For Nantucket-based author Elin Hilderbrand, life’s a beach. With 20 novels under her belt and her latest hitting shelves on June 19, Hilderbrand’s tomes have become a staple in every bookworm’s beach bag. We caught up with the best-selling author ahead of her appearance at the seventh annual Nantucket Book Festival on June 15-17 to chat about writing longhand, her love for the island and her latest novel, The Perfect Couple—Hilderbrand’s first murder mystery.
How did you get into writing? I was in second grade and at the end of the year my teacher gave every child in the class an award and mine was the top author award. As soon as she said it, I thought, “Yes, I am an author!” In college, I majored in writing seminars at Johns Hopkins University. I asked one of my professors, “How do you go about becoming a writer? What should I do?” And he said, “You have to go out in the world and live.” So I moved to New York City and then I got a job up in Westchester County. I had a summer off and had grown up spending summers down the Cape, so I thought I would try out Nantucket. I got a room in a house and absolutely fell in love with it and ended up leaving New York and moving to Nantucket in 1994. In the offseason, I decided to travel. I went all over Southeast Asia, New Zealand, Australia. I climbed to Mount Everest base camp and then the second year, I went to South America, the Galapagos and Costa Rica. Feeling like I had sufficiently lived, I applied to the University of Iowa Writers’ Workshop. But when I got to Iowa I was miserable. I missed home, I missed Nantucket and I missed the water. To make myself feel better, I started writing a novel that was set on Nantucket.
Do you normally map out a story ahead of time or dive right in? I dive right in. With my latest book, I didn’t know who did it until I was about two-thirds of the way through. I never know what’s going to happen until it’s happening and I’m writing it. A lot of times, I go in with this vague idea of how I want the book to end, but it’s hardly ever plot points. It’s more like I want a type of outcome, but the specifics are all figured out in the course of the writing. It’s an adventure for me.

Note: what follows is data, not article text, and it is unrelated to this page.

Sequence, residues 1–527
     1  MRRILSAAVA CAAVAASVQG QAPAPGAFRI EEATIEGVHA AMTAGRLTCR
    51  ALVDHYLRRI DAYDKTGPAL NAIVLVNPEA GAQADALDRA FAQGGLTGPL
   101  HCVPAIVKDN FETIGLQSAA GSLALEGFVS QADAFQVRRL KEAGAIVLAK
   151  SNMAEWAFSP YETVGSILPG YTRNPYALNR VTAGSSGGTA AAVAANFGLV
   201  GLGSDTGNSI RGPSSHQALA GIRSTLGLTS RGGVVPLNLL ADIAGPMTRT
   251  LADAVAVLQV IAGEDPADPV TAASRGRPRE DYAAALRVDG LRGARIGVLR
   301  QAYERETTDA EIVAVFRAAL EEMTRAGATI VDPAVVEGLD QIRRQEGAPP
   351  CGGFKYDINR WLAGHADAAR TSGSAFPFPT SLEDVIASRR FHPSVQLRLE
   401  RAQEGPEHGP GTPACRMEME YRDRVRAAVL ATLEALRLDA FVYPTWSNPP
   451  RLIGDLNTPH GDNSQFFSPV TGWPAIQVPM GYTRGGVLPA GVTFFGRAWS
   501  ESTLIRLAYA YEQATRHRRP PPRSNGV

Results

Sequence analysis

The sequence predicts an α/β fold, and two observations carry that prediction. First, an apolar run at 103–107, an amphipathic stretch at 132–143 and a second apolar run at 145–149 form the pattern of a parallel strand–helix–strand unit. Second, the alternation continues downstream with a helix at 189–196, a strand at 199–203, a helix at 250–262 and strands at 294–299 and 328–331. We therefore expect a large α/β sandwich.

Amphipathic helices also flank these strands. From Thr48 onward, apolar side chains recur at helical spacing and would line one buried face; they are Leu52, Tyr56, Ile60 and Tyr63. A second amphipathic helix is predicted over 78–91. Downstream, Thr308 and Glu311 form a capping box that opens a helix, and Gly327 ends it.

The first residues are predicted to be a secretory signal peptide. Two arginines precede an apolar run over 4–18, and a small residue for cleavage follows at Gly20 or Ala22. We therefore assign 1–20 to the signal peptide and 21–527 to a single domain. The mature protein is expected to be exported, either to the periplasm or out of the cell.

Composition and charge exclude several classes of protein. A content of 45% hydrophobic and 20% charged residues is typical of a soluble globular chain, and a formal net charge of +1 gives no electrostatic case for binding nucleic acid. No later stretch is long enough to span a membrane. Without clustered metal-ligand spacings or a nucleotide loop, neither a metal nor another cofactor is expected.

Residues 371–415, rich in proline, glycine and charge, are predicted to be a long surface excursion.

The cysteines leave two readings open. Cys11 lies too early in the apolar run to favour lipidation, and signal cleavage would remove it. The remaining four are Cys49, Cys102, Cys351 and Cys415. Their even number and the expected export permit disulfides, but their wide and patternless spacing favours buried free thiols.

What does a typical day of writing look like for you? I write longhand in notebooks, so I always take them with me and I’m always doing work. On a perfect day, I’ll write from 11 to 6, and in that seven hours I’ll get three hours of composing done. That’s what I aim for, but I give myself plenty of leeway because we get distracted, we procrastinate. So I give myself seven hours to get three hours of extremely concentrated, focused work done.
How does the island influence your work?
The island is in every single page. It’s the biggest inspiration in my life—I have such a profound attachment to it. It’s not only the physical aesthetic of Nantucket that I love—which I do—but I also love the community and the relationships that I have with the other people that live here because a lot of times it forms the human drama that is portrayed in my books.
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